So, in reality, you have a big title of a prime minister, but with very little power that comes with it. So something more dramatic needs to be done, other than simply asking the prime minister to shape up a bit.
RAY SUAREZ: Trudy Rubin, do you agree that Stephen Hadley is misreading the situation?
TRUDY RUBIN: I think that, if the United States is counting on making Prime Minister Maliki into something he isn't, which is a strong leader, I totally agree with Laith, that this just isn't going to happen. So, therefore, the strategy cannot be based on that.
And I think that Maliki also represents a Shiite majority that feels that the Americans have crossed over and are giving too much support to the Sunnis now. So that's also a problem. It makes it less likely, even if he were capable -- which he isn't -- that he's going to crack down on Shiite militias, which brings us back to the question that Laith raised, which is: Can an international conference do anything that internal politics inside Iraq can't do?
And, you know, I think this is the great hope now, but it is very complex. And clearly, the Iraqis are very nervous about being pressured from outside. And the question is not just whether Iran can be brought in and do something about Shiites inside Iraq, it's whether Sunni-Arab countries outside can do something to stop the Sunni insurgency.
Unless you have that kind of cooperation, I don't think an international conference will work.
RAY SUAREZ: Laith Kubba, are events threatening to overtake the much-awaited Baker group report that comes out next week?
LAITH KUBBA: Well, I think events will take their own course irrespective of the commission's recommendations and if anybody acted upon them. The current dynamic in Iraq, unfortunately, is unstoppable.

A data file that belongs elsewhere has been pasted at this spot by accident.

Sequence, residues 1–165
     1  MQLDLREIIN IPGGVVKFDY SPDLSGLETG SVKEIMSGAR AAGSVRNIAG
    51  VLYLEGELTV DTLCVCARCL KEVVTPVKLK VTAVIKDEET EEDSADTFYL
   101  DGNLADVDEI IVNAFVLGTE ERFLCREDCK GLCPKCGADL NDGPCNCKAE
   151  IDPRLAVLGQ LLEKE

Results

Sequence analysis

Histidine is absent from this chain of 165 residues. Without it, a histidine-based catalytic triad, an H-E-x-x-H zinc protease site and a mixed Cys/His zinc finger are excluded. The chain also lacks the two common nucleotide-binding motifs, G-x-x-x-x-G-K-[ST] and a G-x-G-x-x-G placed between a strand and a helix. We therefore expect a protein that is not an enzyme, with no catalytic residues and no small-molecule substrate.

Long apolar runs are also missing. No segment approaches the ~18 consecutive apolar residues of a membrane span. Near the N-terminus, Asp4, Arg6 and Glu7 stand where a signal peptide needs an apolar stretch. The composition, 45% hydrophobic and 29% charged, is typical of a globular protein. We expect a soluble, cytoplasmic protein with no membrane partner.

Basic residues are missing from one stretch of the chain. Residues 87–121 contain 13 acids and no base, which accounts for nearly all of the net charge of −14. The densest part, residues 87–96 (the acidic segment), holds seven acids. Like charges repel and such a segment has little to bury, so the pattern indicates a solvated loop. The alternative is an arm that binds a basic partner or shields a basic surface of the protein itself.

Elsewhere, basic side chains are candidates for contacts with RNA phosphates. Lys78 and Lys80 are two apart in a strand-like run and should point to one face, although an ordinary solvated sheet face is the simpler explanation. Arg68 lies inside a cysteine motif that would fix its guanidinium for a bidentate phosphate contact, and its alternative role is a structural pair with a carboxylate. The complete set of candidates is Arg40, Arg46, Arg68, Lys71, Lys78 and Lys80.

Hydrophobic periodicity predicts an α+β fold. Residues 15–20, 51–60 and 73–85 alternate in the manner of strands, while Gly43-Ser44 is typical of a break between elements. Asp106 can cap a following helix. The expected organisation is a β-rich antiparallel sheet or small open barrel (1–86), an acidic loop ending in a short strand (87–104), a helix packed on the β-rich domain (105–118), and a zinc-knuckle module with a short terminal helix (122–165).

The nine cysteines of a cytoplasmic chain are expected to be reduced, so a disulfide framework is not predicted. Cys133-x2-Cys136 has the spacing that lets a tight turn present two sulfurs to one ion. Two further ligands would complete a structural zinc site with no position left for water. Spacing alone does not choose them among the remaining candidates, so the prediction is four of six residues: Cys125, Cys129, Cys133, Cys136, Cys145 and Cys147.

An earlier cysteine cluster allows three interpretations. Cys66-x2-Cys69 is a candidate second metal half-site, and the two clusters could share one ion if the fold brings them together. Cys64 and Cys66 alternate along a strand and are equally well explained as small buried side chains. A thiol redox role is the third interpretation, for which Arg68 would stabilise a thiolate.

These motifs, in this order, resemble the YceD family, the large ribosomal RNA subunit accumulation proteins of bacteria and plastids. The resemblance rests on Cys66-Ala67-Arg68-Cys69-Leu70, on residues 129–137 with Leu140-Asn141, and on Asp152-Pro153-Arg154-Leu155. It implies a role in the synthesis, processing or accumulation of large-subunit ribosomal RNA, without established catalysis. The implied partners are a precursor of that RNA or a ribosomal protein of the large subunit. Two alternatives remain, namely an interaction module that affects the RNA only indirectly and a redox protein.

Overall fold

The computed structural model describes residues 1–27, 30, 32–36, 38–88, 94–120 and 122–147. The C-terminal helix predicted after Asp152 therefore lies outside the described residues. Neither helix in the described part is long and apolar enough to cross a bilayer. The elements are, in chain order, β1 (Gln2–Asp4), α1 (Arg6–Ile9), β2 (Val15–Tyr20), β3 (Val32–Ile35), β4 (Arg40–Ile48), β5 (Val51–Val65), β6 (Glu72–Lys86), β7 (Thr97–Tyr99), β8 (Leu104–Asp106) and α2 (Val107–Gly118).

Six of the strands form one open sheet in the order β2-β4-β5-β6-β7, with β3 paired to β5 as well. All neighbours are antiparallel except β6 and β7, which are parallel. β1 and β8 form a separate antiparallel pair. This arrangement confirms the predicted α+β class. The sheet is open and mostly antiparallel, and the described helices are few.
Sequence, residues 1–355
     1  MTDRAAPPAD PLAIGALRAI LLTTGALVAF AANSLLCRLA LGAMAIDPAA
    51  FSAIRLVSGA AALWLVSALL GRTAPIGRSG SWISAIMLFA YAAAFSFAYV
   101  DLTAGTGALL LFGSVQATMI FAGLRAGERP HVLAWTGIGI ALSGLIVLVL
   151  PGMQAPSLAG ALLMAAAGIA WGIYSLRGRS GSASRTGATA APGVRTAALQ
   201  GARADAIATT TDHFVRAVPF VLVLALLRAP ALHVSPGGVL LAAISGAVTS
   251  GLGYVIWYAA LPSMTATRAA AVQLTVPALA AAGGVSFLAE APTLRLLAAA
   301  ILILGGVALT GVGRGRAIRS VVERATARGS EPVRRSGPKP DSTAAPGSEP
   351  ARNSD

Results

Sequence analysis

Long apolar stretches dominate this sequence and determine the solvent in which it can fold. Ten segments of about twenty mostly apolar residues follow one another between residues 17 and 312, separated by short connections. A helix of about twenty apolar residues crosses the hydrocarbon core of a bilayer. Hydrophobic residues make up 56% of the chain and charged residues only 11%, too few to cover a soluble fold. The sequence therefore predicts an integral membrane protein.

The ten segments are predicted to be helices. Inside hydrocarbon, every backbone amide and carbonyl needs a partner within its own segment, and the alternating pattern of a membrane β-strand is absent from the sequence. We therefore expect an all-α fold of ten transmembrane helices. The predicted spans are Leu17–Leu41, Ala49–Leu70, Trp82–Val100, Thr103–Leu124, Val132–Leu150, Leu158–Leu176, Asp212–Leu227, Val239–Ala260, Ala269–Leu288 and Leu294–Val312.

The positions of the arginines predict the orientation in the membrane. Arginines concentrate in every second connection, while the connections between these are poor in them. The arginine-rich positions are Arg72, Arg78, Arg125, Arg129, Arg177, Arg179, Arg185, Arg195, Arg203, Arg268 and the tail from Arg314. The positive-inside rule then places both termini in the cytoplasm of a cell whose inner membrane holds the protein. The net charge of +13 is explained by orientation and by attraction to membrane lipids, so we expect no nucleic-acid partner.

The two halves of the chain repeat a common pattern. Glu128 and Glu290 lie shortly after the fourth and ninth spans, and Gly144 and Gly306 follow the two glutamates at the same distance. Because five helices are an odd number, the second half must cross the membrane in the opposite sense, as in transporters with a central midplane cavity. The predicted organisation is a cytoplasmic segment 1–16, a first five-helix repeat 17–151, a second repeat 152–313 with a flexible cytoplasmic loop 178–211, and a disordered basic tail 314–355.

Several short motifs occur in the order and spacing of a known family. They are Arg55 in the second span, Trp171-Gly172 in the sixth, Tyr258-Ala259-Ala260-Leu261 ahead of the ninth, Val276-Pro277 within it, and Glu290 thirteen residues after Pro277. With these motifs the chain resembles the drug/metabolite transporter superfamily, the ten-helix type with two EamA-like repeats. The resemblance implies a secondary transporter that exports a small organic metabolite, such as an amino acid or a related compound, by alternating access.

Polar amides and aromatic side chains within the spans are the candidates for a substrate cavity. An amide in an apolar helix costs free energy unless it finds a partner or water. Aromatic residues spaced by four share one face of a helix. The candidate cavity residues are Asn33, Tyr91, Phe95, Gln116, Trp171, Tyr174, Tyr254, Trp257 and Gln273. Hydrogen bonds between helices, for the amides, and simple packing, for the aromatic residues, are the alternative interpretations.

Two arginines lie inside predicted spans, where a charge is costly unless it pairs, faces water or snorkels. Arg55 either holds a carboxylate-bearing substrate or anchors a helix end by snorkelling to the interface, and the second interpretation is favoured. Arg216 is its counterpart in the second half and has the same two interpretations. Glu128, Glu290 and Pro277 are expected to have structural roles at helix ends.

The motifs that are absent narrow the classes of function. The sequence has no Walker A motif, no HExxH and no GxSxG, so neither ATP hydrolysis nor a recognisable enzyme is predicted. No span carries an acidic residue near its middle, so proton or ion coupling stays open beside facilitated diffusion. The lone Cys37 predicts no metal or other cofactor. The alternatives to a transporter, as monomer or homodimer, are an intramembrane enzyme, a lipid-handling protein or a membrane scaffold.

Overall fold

I think we're going to see increased violence in the country, and all the indications are that this civil war will spread and without clear parameters on how neighbors would be involved. In fact, their participation might become counterproductive, unless we have very clear terms on their involvement.
So I do see it getting worse, and I do hope, ultimately, it will get better.
RAY SUAREZ: Very quickly, is the Maliki government, still, though, after all this investment of time and political capital, the only game in town for the Bush administration?
LAITH KUBBA: I think we need to look beyond the Maliki government if we want to salvage Iraq. I do believe that the democratic process, the political process has been a very important achievement, but it did not solve the problems in Iraq. And we need to beef up whatever government in Baghdad with more measures, including maybe a broader government of national unity.
RAY SUAREZ: Laith Kubba, Trudy Rubin, good to talk to you both.